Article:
University looks to revive Quigley’s

Quigley’s may once again become a dining venue if GW officials win approval from the city to restore the abandoned building to its former status as a student hangout. The University introduced its plans to expand and renovate the G Street building at a Thursday D.C. Zoning Commission hearing.

The commission’s four-member panel listened to GW’s proposal for developing the 2000 block of F and G streets where Quigley’s is located. In addition to refurbishing Quigley’s, the University plans to construct a 379-bed residence hall in the parking lot behind Francis Scott Key Hall on F Street (see “D.C. examines dorm. proposal.” p. 8).

“No vendor has been chosen, but the facility will serve students (and) faculty and will be open to the general public,” said Michelle Honey, director of Architecture, Engineering and Construction for GW.

University Senior Counsel Charles Barber said the D.C. Zoning Commission would need to approve GW’s proposal to renovate Quigley’s, which was a soda shop for more than 60 years until the 1970s.

“The only time frame is that we would begin the approval process by summer of 2006,” Barber said.

He added that the University has yet to make a decision on what type of facility would go inside Quigley’s.

Junior Ryan Geist, director of the Student Association’s Dining Services Commission, said he has not been involved in discussions regarding Quigley’s future and does not foresee a decision “anytime soon.”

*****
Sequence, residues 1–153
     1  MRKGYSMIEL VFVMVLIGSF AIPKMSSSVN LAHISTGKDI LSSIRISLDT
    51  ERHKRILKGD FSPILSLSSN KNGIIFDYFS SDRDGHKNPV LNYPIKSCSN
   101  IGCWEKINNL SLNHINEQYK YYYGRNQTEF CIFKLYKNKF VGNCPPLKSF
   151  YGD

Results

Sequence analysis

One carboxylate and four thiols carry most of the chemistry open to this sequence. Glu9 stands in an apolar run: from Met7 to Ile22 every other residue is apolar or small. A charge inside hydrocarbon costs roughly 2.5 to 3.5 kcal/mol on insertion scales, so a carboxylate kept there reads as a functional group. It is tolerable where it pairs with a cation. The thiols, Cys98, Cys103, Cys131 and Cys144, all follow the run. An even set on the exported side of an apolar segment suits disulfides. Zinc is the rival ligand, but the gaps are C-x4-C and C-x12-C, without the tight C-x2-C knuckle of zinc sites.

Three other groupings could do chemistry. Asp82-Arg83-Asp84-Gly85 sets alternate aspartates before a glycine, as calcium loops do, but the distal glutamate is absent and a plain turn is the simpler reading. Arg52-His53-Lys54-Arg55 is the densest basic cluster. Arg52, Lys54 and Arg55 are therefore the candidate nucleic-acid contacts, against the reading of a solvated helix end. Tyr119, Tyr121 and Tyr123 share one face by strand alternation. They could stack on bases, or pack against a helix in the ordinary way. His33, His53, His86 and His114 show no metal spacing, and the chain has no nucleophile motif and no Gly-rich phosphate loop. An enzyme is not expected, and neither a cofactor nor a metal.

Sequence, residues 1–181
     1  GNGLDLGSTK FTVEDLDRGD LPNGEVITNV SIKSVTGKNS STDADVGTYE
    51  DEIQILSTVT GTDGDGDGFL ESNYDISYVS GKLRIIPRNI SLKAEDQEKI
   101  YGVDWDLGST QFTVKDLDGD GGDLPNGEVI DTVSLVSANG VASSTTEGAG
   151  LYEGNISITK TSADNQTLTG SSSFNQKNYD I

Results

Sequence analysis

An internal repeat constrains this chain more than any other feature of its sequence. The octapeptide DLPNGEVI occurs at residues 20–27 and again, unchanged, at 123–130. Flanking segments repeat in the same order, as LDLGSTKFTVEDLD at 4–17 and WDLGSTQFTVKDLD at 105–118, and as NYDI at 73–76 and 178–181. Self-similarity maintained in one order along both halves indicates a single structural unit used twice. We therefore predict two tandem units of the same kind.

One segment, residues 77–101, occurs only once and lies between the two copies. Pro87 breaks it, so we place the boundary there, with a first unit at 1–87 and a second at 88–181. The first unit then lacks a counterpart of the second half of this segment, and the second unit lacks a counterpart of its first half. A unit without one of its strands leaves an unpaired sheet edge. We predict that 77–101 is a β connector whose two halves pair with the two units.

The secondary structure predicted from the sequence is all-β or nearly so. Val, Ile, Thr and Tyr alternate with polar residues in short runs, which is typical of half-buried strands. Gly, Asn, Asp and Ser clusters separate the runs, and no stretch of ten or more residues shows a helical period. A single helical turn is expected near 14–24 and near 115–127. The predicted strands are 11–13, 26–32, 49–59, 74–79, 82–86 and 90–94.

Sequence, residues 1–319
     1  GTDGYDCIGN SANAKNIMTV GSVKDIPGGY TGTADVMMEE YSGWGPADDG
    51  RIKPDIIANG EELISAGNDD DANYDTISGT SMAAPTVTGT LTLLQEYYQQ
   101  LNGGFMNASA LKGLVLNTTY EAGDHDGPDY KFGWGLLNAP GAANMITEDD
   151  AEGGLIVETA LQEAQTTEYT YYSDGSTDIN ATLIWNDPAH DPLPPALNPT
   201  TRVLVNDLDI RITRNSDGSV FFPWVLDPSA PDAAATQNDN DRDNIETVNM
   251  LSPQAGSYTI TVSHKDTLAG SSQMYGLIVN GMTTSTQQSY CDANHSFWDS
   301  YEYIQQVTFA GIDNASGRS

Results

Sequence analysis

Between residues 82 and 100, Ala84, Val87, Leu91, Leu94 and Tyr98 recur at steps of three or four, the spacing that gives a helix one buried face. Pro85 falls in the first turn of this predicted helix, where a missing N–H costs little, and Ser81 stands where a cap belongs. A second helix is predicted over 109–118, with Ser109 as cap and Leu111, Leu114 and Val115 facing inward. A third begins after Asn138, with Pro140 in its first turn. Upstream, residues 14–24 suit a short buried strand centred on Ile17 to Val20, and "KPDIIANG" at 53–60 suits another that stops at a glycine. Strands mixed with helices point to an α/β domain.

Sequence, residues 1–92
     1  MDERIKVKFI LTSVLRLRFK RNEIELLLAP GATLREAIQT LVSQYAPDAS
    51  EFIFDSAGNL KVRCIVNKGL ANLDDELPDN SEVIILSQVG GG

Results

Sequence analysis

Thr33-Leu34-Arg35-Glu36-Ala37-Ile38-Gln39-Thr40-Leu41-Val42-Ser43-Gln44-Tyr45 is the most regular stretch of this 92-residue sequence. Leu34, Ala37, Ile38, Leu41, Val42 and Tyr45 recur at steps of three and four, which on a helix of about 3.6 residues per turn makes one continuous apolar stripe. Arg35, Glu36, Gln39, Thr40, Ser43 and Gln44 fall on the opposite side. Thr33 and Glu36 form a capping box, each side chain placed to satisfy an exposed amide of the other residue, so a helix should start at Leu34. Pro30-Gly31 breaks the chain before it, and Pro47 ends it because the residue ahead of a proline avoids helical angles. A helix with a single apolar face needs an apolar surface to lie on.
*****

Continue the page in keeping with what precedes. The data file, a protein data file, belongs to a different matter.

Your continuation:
Some GW students said they would like to see a 24-hour dining option in Quigley’s, noting that GW suffers from a lack of on-campus late-night eating establishments since Aramark, which runs University dining venues, reduced its hours of operation this year.

“There should definitely be a 24-hour restaurant now because of Aramark and everything. Stuff isn’t open half the time,” said freshman Ericka Galegher.

“There definitely needs to be a 24-hour diner there,” said senior Pat Dodge, noting his discontent with the current dining venue hours.

“There’s no place to eat food here late on campus,” he added.

Quigley’s unique history began in 1891, when GW alumnus Richard Lucien Quigley opened the building as a pharmacy. The three-story brick building became a soda shop in the early 1900s and continued to serve as a student gathering place until 1974, when GW bought Quigley’s and converted it into an office building.

Quigley’s has been vacant since the geography department moved to 1957 E Street last year.

Robert Chernak, senior vice president for Student and Academic Support Services, said that plans for Quigley’s have been “in the works for a while.”

He added, “We couldn’t do anything until the geography department left last year.”

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